Report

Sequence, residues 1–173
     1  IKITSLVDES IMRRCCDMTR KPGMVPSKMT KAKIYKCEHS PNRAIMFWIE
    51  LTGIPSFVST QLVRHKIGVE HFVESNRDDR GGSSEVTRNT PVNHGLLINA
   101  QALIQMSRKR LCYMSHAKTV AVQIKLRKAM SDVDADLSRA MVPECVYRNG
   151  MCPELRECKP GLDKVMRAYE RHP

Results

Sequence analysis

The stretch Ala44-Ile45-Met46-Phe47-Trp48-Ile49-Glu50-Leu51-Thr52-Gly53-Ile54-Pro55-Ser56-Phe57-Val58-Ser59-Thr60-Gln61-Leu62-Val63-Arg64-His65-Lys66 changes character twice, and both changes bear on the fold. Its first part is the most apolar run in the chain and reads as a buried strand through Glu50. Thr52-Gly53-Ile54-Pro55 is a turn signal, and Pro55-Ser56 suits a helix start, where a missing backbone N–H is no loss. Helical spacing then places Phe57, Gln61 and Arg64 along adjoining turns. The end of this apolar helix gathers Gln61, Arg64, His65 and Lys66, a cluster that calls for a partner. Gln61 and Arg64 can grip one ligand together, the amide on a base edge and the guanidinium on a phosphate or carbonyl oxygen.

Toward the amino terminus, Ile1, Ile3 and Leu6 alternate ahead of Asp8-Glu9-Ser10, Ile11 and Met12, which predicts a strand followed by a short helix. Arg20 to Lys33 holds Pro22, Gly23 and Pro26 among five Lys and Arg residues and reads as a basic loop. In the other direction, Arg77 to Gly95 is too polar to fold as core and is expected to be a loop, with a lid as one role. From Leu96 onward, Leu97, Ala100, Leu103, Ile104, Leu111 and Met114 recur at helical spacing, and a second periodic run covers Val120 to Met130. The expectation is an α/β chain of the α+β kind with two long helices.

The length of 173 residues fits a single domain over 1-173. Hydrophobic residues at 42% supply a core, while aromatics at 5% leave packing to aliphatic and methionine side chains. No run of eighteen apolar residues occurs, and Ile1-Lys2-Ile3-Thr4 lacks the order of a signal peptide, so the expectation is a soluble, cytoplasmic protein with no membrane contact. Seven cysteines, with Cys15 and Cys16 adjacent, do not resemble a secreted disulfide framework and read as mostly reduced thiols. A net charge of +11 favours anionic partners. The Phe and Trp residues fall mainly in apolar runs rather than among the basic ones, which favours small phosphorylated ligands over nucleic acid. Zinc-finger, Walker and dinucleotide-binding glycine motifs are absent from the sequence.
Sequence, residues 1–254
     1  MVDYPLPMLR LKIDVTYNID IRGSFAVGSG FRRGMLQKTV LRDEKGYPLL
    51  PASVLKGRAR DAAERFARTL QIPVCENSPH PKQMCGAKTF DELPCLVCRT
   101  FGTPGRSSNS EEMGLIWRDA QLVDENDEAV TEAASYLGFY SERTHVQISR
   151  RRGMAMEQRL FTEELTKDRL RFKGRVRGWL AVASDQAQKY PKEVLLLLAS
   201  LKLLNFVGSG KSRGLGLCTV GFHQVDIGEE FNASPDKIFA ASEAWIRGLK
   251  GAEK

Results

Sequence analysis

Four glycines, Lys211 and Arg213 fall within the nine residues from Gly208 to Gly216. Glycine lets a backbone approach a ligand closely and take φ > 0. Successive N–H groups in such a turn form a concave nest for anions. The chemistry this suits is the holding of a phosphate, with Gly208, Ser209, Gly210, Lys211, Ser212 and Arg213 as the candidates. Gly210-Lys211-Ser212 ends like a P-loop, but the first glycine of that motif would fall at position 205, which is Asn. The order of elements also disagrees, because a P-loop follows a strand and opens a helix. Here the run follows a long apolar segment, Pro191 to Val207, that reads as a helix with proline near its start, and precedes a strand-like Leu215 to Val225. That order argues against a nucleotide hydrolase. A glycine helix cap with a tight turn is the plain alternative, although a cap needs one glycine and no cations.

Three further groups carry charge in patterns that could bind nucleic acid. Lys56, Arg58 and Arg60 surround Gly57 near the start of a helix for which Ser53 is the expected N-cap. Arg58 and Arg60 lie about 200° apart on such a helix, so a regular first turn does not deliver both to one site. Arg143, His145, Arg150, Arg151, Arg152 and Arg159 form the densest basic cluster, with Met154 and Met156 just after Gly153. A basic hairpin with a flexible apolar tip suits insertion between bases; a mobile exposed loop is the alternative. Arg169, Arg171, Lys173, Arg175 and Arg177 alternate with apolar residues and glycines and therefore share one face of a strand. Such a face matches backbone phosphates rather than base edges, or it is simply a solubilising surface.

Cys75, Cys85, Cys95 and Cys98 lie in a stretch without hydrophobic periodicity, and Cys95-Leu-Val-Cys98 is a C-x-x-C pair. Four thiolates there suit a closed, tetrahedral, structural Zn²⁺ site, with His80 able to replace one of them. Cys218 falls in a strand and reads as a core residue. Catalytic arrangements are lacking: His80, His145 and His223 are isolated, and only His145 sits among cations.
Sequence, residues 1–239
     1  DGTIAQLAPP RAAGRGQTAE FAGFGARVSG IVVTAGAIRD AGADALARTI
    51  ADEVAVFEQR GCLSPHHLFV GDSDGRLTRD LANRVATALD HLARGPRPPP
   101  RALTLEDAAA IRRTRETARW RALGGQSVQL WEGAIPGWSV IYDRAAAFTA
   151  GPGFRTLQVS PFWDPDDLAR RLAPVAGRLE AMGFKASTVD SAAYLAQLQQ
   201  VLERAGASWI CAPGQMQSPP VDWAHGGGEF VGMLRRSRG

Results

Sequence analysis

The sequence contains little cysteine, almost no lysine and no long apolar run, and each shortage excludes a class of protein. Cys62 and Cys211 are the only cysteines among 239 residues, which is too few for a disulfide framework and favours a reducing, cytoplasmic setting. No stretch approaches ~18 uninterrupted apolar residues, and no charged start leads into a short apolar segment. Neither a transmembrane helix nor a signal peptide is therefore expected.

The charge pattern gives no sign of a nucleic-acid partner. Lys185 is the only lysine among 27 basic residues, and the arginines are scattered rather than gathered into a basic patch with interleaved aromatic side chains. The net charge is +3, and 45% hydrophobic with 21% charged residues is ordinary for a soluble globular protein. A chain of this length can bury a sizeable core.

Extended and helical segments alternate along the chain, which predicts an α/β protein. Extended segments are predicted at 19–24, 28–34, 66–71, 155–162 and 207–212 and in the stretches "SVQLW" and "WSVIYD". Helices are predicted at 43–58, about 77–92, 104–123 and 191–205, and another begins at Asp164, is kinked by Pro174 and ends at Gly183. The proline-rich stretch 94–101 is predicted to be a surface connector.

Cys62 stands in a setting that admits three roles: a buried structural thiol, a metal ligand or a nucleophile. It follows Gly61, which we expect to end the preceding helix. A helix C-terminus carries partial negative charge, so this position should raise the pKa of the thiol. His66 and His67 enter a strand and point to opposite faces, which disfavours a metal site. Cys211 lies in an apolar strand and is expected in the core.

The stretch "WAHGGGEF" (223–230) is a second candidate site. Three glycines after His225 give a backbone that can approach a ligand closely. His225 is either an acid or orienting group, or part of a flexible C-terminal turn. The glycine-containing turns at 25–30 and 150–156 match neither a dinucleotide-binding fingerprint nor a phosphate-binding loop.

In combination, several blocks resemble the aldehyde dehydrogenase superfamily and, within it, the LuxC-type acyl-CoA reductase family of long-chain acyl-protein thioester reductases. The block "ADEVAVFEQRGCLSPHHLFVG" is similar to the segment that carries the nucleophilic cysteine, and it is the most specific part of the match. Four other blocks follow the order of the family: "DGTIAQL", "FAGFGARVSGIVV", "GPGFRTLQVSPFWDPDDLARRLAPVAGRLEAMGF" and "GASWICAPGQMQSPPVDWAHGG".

Economics 331b Finale on economics of energy regulation 1 We are heading into a major period of energy/climate-change regulations. Here are some of the major economic issues: 1. Rebound effect • • Energy efficiency standards affect the energy-intensity of new capital goods Because they lower the MC, they may increase utilization, leading to the rebound effect. 2. Oil premium • • Increase oil use leads to higher oil world price This leads to higher total imports costs and macro disturbance 3. Public finance issues • • • Regulation and energy taxes lead to higher prices These lead to dead-weight loss when P > MC This leads to “double dividend hypothesis” and to concern about using standards (with no revenues) instead of taxes (with revenues that can lower other taxes) 4. Cost of capital/discounting (later on this one) 2 Price of vmt Economics of rebound effect Effect of efficiency improvement “Rebound effect” Before mpg improvement After mpg improvement G 3 3 Gasoline consumption Economics of rebound effect Assume that regulation increases energy efficiency of a capital good from mpg0 to mpg1 . The question is whether the lower cost of a vmt (vehicle-mile traveled) would offset the lower cost. (1) vmt = f vmt (p vmt , p cars ), vehicle miles traveled, (2) cars = f cars (p vmt , pcars ), number vehicles From this we can get the following: (3) Gasoline use = G = vmt/mpg (4) p vmt = p gasoline /mpg (5) d ln G / d ln mpg -1 d ln vmt / d ln p vmt d ln p vmt / d ln mpg But we know from (4) that d ln p vmt / d ln mpg d ln p vmt / d ln pgasoline , so (6) d ln G / d ln mpg -1 d ln vmt / d ln p vmt d ln p vmt / d ln p gasoline which gives us the important result: (7) d ln G / d ln mpg 1 d ln vmt / d ln p gasoline So rebound effect is equal to the elasticity of vmt with respect to gasoline prices, which we have observed in countless studies. 4 Empirical estimates of rebound effect Basic results from many demand studies:* Short-run gasoline price-elasticity on vmt = -0.10 (+0.06) Long-run gasoline price-elasticity on vmt = -0.29 (+0.29) Therefore, the rebound would be 10 to 29 percent of mpg improvement. This can be applied to other areas as well. Reference: Phil Goodwin, Joyce Dargay And Mark Hanly, “Elasticities of Road Traffic and Fuel Consumption with Respect to Price and Income: A Review,” Transport Reviews, Vol. 24, No. 3, 275–292, May 2004, available at http://www2.cege.ucl.ac.uk/cts/tsu/papers/transprev243.pdf 5 Source: UK Energy Research Centre, The Rebound Effect 6 Oil premium The “oil premium” refers to the excess of the social marginal cost of oil consumption over the private marginal cost. Analytically, this is "Oil supply monopsony macro premium" price premium externality supply oil - price taxes monopsony macro oil - premium externality taxes 7 Monopsony premium Basic argument. The point is that the US has market power in the world oil market. By levying tariffs, we can change the terms of trade (oil prices) in our favor. Regulation and taxes are a substitute for the optimum tariff. Example: • world supply curve to US: Q = Bpλ , λ>0 • US cost of imported oil = V = pQ = B-1Q(1+1/ λ) , k an irrelevant constant • marginal cost of imported oil = V’(Q) = (1+1/λ) B-1Q1/ λ = p (1+1/ λ) So optimal tariff is ad valorem: τ = 1/ λ = inverse elasticity of supply of imports Reference: D. R. Bohi and W. D. Montgomery, “Social Cost of Imported Oil and UU Import Policy,” Annual Review of Energy, 1982, 7, 37-60. 8 Basics of deriving oil (monopsony) premium Here is a more rigorous proof of the oil-import premium: (1) Domestic or consumer prices = v = import price + tariff = p + (2) Oil supply to the US: Q Bp B(v - ) , or p = (Q/B)1/ (3) Assume that marginal value of oil in US is constant at v (infinitely elastic demand) So we want to (4) max vQ pQ vQ bQ[1 1/ ] Q Maximizing with respect to Q leads to a maximum value of tariff: (5) v p [1 1 / ] p Since consumer prices are equal to marginal value of v , we set the optimal tariff as (6) = (p v) / v 1 / = inverse elasticity of import supply. Notes: (1) This does not have to be a tariff. It is really a “shadow price” on oil imports. (2) Example of “Ramsey tax theory.” 9 The monopsony premium P, MC of oil MSC S Import premium at free-market imports “Optimal Tariff” at Optimized oil imports D 10 Q(“optimal”) Q(free market) Imported oil 10 Macroeconomic externality Somewhat more tenuous is the macroeconomic externality. Idea is that there are impacts of changes in oil prices on macro economy because of inflexible wages and prices. So have another linkage: (oil price) d(realGDP) (realGDP) d(oil consumption) (oil price) (oil consumption) The second term was discussed in optimal tariff. The first term comes from macroeconomics (see next slide). This, however, is very controversial and the estimates are not robust. 11 Macroeconomic externality A standard macro/oil-price equation with “good” results. Dependent Variable: LOG(GDPQ_BEA) Method: Least Squares Sample: 1971Q1 2009Q1 Included observations: 153 Variable C LOG(RPOIL08) TIME R-squared Adjusted R-squared S.E. of regression Sum squared resid Log likelihood F-statistic Prob(F-statistic) Coefficient Std. Error t-Statistic Prob. 4.399688 -0.017205 0.007508 0.027266 0.003546 3.89E-05 161.3626 -4.851700 193.0151 0.0000 0.0000 0.0000 0.996011 0.995957 0.021228 0.067591 373.8431 18724.88 0.000000 Mean dependent var S.D. dependent var Akaike info criterion Schwarz criterion Hannan-Quinn criter. Durbin-Watson stat 8.841860 0.333864 -4.847622 -4.788202 -4.823485 0.166943 12 Effect of oil prices on real GDP (log = fractional; multiply by 100 to get percent difference) -.035 -.040 -.045 -.050 -.055 -.060 -.065 1970 1975 1980 1985 1990 1995 2000 2005 13 Macroeconomic externality Simplified derivation: ( oil price ) d(realGDP ) (realGDP ) d( oil consumption) ( oil price ) ( oil consumption) [ln(realGDP )] realGDP oil price Q [ln( oil price)] oil price 15000 macro premium 7 Assume that = 2 and = -.014 .017 15000 macro $18 / bbl premium 72 We can also derive that monopsony/macro = ε[GDP/pQ] 14 Updated estimates Cited in Hillard G. Huntington, The Oil Security Problem, EMF OP 62, February 2008. 15 Numerical example for US Variable Elasticity of supply of oil 0.1 1 Domestic production (10^6 bbls/day) 6 Imports (10^6 bbls/day) 14 Domestic demand (10^6 bbls/day) 20 Global production (10^6 bbls/day) 85 Oil price (2009 $/bbl) 50 Elasticity of demand for oil Elasticity of imports w.r.t. oil price Optimal tariff on oil ($/bbl) Optimal tariff on oil (c/gallon) 5 -0.5 2.9 $ 17.33 41 8.0 $ 6.28 15 30.5 $ 1.64 4 16 Optimal tariff argument on oil taxes τ = 1/ λ = inverse supply elasticity. Complications: Formula actually is S , ROW S ROW D, ROW DROW S ROW DROW 1 79 (.5) 65 8.0 79 65 Some notes: 1. Supply elasticity depends critically on whether oil market is at full capacity (2007 v. 2009). Very inelastic in full capacity short run; quite elastic when OPEC adjusts supply. (See next slide.) 2. The optimal tariff in $ terms depends upon the initial price because it is an ad valorem tariff. 3. The externality is a global externality for consuming countries because it is a globalized market. 4. Note this is a pecuniary, not a technological externality. So it is a zerosum (or slightly negative-sum) game for the world. This has serious strategic implications and suggest that the diplomacy of the oil-price externality is completely different from true global public goods like global warming. 17 Price Short-run production capacity Production 18 The “double dividend” hypothesis Some have argued that using “ecological” or environmental taxes has a double dividend: 1. Get environmental benefit when P < MSB. 2. Can use revenues from ecological taxes to reduce other burdensome taxes In economics, the burden is measured as “deadweight loss” (DWL) [Related issue in current context is whether the additional debt incurred by the stimulus package has such high DWL that the net economic effect is negative (Kevin Murphy).] 19 The dead weight loss of taxes/regulation P, MC of oil If add new taxes (regulation): Additional revenues = D – B Additional DWL = C + B MDWL/Mtaxes =(C+B)/D-B) ≈ (B)/D-B) S +T1+ T2 [When are you on the wrong side of the peak of the Laffer curve?] P2 D C S + T1 P1 E B A S P0 Imported oil 20 20 Thoughts on double dividend hypothesis 1. Do not have DWL if raising price to the Pigovian level; actually lowing the DWL from a “subsidy” - Actually a little more complicated because need to look at existing taxes (e.g., gasoline) and complementarity/substitution patterns with other goods and services. 2. A regulation is a tax with the revenues rebated to the polluter. If use regulations rather than taxes, you therefore lose the second half of the double dividend. - This is key argument in cap and trade v. carbon taxes (or more generally regulation v. taxes) 3. If standards are beyond Pigovian levels, then can incur serious DWL if do not attend to the revenue side of the issue. 4. Empirical estimates of MDWL of taxes: all over the place from $0.2 to $2 per dollar of revenue. 21